moved, that this Bill be read a second time, in order that it might go into Committee, so that the promoters of it might have an opportunity of stating more particularly the circumstances of the case, and that those circumstances might be submitted to inquiry. It appeared to him, that to that extent—the going into a Committee—a sufficient case had been been made out. He would very shortly notice the objections which had been urged at the Bar against the second reading of this Bill; the principal allegation being, that the person who now came forward to claim the payment of this money was the representative of an individual who was a servant of the East-India Company, and who, in that capacity, had no right to make a loan to the Zemindar of Nozeed, and that his conduct in that respect had vitiated his claim. There had been an order made by the Company, that no servant of theirs should engage in such transactions; but, previous to the year 1779, it was very apparent that this order was not very rigorously enforced; and it was also clear, from the conduct pursued by the government of Madras, that it did not wholly discountenance the transaction in question; because, when the security was taken from Opparrow, the Zemindar of Nozeed, in respect of the loan, and under which the parties now claimed, they took care that the facts should be communicated to those who then exercised the government of India. It was matter of history, that Lord Macartney was sent out to Madras for the purpose of putting an end to the notorious abuses which then existed in that presidency, and he (Lord Macartney) had a very strong impression that no transactions of this sort should be permitted to exist. He, consequently, called upon the parties to give up certain villages which they then held as mortgagees in possession, and he said, if they were immediately given up, he would recommend their claim to the favourable consideration of the East-India Company: therefore, even supposing that this person lent this money as a servant of the Company, the circumstance of the Governor and Council of Madras having acknowledged the right to do so, did away, in a great measure, with the misconduct of the servant in the first instance. In consequence, therefore, of the representation of my Lord Macartney, this gentleman being in possession of these villages as mortgagee, upon giving them up, relinquished the security which he had against the Zemindar; and he would contend, that as there were large revenues in the hands of the Company, arising from the possession of this property, out of those revenues the demands of the representative of Mr. Hodges ought to be paid. These circumstances must have been all very well known to the East-India Company; because, in 1803, the Company called for a further statement of all the facts and circumstances connected with the transaction, and after that further statement, they restored this property to the descendants of Opparrow, without intimating any opinion as to the illegality of the claim made in respect of this loan. Sufficient was shown to allow this Bill to go into Committee, in order that the promoter of it might be permitted to establish these facts by proof. But then the counsel on behalf of the East-India Company said, that that which was done by the Governor and Council of Madras, in respect of this matter, was never confirmed and approved by those exercising the government of India at home. In answer to that observation he would say, that if the transaction in question had been so confirmed and approved, and if the Directors had acted as Lord Macartney held out the hope that they would, in that case there would have been no occasion for this Act of Parliament. The promoter of this Bill said, relief was held out as likely to be afforded on the performance of certain conditions: those conditions were performed, and all he now did was, to call upon the East-India Company to perform their part of the agreement. But what said the Company? They would give no relief at all; they would have nothing whatever to do with the matter; and, therefore, the promoter of this Bill ought to be put in a situation to prove these facts before a Committee of the House. Another argument had been used with respect to the time which had elapsed. It was quite true, that if a person slept upon his rights, and allowed a great number of years to pass away without bringing forward! Us claim, then, undoubtedly, it raised a strong suspicion as to the legality of it, and, by his own laches, he might be debarred of the remedy he prayed. But that was not the case here, because this claim had over and over again been pressed upon the notice and consideration of the East-India Company, for the purpose of inducing them to come to some arrangement with respect to it; and there was no fair ground for refusing to go into a Committee, where alone the promoter of this Bill could prove his case. He, therefore, trusted that their Lordships would not, in consequence of what had fallen from the counsel in opposition to the Bill, refuse to give it a second reading, but that they would, by reading it a second time, afford the person in question the opportunity of proving his case before a Committee of their Lordships' House.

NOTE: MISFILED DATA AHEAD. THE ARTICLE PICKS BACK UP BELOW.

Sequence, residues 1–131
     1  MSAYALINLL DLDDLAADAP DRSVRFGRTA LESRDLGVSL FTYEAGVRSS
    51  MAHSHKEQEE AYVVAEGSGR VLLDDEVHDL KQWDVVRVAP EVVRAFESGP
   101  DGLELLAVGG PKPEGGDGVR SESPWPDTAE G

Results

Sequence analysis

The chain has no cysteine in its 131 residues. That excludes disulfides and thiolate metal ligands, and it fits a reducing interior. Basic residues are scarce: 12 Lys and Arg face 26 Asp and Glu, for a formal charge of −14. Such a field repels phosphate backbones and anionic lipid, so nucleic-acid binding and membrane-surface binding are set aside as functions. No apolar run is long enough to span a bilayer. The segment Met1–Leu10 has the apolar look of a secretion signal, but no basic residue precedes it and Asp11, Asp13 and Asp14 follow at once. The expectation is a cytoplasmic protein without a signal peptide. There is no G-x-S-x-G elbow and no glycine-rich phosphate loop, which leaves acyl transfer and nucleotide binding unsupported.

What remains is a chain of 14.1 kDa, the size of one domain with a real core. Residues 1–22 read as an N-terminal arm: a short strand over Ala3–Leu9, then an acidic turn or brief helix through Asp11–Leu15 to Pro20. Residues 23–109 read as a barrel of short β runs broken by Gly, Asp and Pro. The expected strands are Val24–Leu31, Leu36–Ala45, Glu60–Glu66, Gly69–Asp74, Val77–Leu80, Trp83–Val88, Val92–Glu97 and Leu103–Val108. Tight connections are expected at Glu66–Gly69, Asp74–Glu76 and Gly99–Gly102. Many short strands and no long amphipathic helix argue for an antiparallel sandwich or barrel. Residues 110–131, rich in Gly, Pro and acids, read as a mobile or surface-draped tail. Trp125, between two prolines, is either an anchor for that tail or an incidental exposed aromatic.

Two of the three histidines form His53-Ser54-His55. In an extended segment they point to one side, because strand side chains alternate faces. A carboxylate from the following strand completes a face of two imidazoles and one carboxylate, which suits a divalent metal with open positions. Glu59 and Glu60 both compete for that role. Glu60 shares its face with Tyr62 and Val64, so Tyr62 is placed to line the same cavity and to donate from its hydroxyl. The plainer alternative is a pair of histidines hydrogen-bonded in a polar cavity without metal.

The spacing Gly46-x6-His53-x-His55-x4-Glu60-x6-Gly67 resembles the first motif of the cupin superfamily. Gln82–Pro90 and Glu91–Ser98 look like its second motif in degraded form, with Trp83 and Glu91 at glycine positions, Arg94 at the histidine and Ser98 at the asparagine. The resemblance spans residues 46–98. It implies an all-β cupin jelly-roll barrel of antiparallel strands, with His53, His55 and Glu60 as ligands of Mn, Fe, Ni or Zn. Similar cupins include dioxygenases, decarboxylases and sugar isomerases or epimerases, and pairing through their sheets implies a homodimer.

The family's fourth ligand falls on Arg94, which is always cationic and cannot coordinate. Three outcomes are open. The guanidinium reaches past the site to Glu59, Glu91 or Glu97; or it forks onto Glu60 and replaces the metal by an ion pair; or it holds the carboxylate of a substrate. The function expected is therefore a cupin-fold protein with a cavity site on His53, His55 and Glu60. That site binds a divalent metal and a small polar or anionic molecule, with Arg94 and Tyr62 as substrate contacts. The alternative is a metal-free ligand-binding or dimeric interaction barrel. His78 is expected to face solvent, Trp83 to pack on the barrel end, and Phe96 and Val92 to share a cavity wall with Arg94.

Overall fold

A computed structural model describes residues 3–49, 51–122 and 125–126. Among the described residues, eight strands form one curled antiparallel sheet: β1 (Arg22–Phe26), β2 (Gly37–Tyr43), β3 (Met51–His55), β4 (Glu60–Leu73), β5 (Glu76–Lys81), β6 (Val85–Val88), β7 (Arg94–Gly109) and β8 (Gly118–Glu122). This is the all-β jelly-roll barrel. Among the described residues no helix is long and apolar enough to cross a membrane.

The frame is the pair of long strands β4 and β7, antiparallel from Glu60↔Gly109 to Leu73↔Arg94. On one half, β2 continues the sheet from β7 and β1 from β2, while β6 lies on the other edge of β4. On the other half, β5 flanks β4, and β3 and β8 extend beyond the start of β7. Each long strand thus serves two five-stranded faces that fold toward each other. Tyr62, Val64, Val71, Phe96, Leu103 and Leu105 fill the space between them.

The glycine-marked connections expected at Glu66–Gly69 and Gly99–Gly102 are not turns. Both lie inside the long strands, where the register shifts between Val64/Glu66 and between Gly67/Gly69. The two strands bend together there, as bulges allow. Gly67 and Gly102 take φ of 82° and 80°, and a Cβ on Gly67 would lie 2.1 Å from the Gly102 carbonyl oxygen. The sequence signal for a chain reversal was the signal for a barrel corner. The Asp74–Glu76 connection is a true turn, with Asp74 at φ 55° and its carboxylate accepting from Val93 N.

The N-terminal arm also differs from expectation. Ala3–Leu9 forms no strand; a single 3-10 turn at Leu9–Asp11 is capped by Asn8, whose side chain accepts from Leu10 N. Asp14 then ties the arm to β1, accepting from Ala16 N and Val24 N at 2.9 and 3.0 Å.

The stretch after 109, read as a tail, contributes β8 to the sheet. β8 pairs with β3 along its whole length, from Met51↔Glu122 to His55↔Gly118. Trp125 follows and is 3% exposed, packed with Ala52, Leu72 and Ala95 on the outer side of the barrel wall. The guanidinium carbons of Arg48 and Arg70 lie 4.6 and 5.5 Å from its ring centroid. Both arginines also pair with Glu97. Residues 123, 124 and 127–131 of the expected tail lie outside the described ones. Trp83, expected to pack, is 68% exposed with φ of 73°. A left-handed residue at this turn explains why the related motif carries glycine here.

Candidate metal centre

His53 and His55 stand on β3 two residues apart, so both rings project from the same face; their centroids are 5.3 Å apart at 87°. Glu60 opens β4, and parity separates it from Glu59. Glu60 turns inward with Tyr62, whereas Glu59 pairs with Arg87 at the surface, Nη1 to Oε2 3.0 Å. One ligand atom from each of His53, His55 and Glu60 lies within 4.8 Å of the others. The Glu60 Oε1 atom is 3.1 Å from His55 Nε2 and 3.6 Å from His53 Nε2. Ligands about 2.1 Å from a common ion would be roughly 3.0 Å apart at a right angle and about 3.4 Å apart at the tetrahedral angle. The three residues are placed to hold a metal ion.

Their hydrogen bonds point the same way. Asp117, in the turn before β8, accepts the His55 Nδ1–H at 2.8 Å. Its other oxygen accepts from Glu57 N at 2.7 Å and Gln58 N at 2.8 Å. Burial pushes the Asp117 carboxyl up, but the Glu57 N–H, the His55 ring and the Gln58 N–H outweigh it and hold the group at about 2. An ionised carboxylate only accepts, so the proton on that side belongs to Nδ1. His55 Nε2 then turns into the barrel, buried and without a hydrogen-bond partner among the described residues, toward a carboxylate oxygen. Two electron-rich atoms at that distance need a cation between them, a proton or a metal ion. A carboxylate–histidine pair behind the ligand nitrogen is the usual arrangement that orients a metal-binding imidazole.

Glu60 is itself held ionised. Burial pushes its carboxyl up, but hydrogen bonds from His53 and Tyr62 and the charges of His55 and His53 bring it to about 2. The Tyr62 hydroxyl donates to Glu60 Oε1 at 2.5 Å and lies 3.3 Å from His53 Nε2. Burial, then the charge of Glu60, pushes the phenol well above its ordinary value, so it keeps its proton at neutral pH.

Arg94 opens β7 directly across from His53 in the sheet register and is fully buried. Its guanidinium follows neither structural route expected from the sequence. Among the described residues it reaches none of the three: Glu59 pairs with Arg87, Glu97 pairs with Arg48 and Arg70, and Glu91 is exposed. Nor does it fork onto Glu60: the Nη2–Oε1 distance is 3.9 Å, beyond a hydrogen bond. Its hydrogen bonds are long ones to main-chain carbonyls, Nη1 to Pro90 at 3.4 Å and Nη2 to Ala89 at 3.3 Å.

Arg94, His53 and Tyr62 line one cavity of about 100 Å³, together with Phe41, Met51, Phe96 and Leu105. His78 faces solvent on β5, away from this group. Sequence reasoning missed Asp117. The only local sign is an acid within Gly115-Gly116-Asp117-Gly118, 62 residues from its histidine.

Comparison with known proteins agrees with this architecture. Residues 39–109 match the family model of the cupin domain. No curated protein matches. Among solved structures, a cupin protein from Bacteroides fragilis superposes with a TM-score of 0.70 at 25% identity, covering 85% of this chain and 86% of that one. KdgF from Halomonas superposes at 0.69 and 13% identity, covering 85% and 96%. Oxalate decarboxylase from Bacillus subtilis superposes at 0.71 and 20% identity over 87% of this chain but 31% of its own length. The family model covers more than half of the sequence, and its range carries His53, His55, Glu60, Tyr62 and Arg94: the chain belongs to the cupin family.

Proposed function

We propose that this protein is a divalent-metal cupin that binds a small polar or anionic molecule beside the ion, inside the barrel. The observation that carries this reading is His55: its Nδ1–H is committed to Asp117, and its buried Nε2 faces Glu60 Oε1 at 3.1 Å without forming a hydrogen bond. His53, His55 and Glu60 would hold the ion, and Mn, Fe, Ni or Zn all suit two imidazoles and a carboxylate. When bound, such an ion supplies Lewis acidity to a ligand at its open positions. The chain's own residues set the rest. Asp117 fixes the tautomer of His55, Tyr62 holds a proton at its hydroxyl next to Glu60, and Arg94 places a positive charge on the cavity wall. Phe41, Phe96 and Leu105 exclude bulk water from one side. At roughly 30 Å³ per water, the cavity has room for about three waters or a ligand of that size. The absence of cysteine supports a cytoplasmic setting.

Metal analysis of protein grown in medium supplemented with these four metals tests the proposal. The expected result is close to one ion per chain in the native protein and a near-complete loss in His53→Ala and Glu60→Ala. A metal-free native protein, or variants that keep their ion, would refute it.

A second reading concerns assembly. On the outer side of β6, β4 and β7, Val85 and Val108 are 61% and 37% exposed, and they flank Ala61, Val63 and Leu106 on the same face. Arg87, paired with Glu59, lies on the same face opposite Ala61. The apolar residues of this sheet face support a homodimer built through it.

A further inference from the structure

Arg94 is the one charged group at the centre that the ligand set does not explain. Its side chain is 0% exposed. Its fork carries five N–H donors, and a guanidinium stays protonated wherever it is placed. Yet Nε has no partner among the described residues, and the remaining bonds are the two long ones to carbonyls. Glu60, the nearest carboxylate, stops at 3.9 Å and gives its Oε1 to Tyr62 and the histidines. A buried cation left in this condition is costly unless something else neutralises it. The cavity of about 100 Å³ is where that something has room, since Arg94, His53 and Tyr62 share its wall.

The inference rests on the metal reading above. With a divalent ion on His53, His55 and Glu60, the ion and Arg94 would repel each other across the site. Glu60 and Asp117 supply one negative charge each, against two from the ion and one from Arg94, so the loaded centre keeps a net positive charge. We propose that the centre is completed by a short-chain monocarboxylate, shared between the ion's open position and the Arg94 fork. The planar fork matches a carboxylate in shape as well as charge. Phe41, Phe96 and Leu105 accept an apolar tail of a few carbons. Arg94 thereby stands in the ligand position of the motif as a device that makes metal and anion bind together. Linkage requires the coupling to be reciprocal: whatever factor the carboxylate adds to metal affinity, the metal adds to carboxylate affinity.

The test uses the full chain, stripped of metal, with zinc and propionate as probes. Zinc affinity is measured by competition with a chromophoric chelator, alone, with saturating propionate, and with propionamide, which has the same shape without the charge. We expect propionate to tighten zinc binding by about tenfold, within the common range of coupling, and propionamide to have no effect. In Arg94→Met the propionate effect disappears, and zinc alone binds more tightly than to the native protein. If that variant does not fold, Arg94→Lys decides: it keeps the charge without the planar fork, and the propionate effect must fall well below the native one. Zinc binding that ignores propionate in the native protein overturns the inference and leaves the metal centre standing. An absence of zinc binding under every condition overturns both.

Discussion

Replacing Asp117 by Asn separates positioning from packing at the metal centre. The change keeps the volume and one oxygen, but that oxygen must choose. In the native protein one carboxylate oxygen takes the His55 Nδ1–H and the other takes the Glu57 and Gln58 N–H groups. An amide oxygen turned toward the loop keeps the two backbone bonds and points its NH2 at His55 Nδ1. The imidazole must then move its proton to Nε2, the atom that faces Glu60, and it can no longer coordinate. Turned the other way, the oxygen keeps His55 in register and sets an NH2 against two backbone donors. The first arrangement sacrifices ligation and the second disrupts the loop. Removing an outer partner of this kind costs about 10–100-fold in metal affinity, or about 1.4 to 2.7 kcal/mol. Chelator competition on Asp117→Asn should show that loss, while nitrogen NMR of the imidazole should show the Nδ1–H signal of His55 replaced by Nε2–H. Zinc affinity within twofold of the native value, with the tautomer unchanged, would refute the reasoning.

Lord Ellenborough